A Special Branch detective was stabbed to death last night during an anti-terrorist raid linked to the discovery of deadly ricin poison in London last week.
Stephen Oake, a 40-year-old detective constable with three children, died in hospital from stab wounds to his chest. He and four other officers were attacked when they went to arrest a terrorist suspect in a flat in Manchester. Another officer was stabbed in the arm and three others were injured.
Three men of North African origin, aged 23, 27 and 29, were arrested at the flat and are being held under anti-terrorism legislation. One was also being questioned about the murder.
The first death on British soil in the campaign against terrorism since 11 September came when Greater Manchester Police went with Immigration Service officials to arrest one suspect at 5.50pm yesterday. They found three men in a flat within a three-storey Victorian semi-detached house in the Crumpsall area of the city. The three men were restrained and were placed under guard by two uniformed officers wearing protective clothing while three Special Branch officers, including DC Oake, searched the flat.
After about an hour one suspect managed to break free and attacked their guards with a kitchen knife. DC Oake was fatally wounded when he and the other Special Branch officers, who were not wearing body armour, went to help their colleagues. DC Oake was given emergency treatment at the scene but died in North Manchester Hospital.
The other four officers were in the same hospital last night. A 38-year-old Special Branch detective inspector received superficial stab wounds to the chest, a 41-year-old Special Branch detective sergeant suffered superficial stab wounds to the arm, a 34-year-old uniformed constable received a broken ankle and a 42-year-old sergeant had a leg injury. All four were today described as being ``stable'' and ``comfortable''.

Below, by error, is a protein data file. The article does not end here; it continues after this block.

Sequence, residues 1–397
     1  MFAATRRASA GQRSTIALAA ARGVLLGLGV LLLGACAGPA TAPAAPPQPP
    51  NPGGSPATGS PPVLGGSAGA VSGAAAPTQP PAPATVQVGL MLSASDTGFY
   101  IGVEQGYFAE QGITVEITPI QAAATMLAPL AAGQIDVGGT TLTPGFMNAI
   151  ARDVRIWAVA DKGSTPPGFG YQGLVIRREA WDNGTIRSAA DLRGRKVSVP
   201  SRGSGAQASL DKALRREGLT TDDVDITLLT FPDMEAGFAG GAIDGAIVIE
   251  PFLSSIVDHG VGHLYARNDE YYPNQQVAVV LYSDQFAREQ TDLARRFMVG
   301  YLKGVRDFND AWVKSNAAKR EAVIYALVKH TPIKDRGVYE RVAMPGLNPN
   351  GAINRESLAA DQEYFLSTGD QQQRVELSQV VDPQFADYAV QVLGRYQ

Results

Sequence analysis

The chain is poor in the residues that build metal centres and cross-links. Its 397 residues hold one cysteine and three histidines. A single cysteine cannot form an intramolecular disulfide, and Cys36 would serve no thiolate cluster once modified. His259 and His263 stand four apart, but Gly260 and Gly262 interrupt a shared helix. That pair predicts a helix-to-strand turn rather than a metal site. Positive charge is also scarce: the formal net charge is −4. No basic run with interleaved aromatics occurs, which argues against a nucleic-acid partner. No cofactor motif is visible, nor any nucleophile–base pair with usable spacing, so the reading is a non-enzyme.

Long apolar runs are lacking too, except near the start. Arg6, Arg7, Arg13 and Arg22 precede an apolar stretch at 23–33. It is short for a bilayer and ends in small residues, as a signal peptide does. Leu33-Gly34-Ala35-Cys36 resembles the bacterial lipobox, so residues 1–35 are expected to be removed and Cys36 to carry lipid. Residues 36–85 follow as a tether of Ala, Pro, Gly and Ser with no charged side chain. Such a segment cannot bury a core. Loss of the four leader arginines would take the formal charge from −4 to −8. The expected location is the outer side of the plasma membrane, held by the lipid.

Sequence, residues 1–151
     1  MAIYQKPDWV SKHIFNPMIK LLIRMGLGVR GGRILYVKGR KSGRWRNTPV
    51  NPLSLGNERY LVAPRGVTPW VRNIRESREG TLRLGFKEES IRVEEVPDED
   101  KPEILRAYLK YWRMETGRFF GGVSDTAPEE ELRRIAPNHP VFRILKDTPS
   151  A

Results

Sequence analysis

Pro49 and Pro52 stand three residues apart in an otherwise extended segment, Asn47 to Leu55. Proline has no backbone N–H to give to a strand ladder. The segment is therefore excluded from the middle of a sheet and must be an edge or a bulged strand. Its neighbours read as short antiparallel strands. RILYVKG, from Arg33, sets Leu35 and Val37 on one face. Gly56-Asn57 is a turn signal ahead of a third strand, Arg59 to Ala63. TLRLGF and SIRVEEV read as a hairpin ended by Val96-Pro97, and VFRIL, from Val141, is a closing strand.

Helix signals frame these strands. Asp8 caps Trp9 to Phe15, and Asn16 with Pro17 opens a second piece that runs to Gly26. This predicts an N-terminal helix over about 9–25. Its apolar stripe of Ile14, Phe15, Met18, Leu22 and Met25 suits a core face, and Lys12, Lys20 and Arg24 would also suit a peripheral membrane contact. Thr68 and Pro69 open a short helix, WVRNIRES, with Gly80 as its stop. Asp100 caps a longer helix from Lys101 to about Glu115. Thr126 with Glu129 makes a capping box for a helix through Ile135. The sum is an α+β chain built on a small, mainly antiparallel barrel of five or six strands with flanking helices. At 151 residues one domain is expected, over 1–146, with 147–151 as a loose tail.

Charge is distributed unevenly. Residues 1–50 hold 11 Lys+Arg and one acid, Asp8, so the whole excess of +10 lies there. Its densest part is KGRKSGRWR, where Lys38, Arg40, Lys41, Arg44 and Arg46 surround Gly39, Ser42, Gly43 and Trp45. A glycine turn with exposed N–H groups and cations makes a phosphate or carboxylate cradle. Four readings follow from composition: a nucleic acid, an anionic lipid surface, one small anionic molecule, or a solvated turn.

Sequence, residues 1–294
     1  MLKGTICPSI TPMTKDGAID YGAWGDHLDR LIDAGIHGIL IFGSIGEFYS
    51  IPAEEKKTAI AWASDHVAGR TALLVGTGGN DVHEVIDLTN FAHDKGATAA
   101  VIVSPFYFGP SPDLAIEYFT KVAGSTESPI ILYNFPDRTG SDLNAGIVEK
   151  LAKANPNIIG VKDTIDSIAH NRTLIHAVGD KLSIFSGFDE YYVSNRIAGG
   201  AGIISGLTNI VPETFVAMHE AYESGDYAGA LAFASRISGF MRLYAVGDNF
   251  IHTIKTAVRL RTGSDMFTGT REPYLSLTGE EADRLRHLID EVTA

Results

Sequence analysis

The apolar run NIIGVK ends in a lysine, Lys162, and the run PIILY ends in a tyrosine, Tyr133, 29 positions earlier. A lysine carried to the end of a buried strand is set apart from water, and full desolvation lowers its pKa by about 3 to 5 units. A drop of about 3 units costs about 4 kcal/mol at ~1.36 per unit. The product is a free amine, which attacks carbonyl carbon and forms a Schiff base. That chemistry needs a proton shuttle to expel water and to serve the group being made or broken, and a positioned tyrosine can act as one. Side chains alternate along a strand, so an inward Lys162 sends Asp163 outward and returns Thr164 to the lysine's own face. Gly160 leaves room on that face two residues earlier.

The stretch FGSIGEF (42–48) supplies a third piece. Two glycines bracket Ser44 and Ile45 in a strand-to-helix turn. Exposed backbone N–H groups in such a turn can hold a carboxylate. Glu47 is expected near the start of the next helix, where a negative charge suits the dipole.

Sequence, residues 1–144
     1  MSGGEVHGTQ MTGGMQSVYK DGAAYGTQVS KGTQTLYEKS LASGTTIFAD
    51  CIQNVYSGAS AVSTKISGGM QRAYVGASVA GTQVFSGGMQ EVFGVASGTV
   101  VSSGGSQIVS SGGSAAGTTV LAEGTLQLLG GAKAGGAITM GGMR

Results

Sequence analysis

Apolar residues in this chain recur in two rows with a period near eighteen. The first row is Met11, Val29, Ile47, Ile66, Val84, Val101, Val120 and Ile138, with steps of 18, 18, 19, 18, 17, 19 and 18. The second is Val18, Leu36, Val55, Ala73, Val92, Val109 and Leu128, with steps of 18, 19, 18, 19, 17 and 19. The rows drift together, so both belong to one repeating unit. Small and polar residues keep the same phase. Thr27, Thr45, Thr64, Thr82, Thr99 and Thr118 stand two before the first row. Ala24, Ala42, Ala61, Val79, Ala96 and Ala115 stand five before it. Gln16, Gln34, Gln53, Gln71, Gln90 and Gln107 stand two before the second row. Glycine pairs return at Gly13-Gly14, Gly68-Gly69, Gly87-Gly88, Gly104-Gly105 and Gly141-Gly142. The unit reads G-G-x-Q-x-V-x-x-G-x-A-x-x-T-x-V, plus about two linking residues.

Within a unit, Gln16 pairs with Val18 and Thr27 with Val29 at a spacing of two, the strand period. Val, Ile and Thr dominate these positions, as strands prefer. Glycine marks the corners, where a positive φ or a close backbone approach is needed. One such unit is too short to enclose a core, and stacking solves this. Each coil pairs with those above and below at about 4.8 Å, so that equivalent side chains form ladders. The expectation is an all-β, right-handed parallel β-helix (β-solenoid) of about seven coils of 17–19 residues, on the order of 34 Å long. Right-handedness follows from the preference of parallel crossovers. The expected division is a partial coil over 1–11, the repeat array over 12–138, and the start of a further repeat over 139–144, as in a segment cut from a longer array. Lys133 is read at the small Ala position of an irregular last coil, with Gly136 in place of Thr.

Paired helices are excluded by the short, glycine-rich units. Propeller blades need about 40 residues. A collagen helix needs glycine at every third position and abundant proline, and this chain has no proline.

Speaking at the scene of the raid in Manchester, Assistant Chief Constable Alan Green confirmed it was linked to the Metropolitan Police's discovery of ricin in a flat in Wood Green, north London, last week. He said: "I am unable to give details of the counter-terrorist operation but I can confirm it is connected to those led by the Metropolitan Police in recent days."
Forensic examinations were being made at the flat but Mr Green said there was no evidence of ricin. "We have sealed the premises and clearly public safety is paramount but there is nothing to indicate anything of that nature is there."
The suspect they wanted to question is thought to have been identified from information gained by interviewing suspects and searching premises in London last week and in Bournemouth on Monday.
Michael Todd, the Chief Constable of Greater Manchester, was out of the force's area on business but returned to the city last night. He paid tribute to DC Oake who followed his father, Robin Oake, into the Greater Manchester force and defended the decision to send officers into the flat without protective body armour.
The Special Branch officers had entered the flat after the arrests were made and did not expect to be confronted by an armed suspect.
Mr Todd said the "intelligence led" operation had targeted one individual and police had not expected to find ricin at the flat. "It's been a rather terrifying day and a rather traumatic day with one of our officers losing his life," he said.
Tony Blair said the death was "an appalling tragedy and wicked in the extreme. I was shocked and very saddened to learn of the death of this brave police officer. His death and the injuries to the other officers involved in this incident underline the dangers that our police and security forces face."
A warrant to arrest the suspect was signed yesterday morning by David Blunkett, the Home Secretary, who said: "I commend the bravery and commitment of these police officers in defending us not only against dangerous criminals but against those threatening the safety of our country."
Oliver Letwin, the shadow Home Secretary, said: "The whole nation will mourn the passing of a hero who died defending us from terrorism. This episode illustrates all too clearly the nature of the danger with which we are faced."
More than 50 officers have been killed on duty over the past 30 years. Jan Berry, who chairs the National Police Federation, representing front-line officers, said the death highlighted the dangers. "This evening's events demonstrate the role police officers play every day in the fight against international terrorism," she said.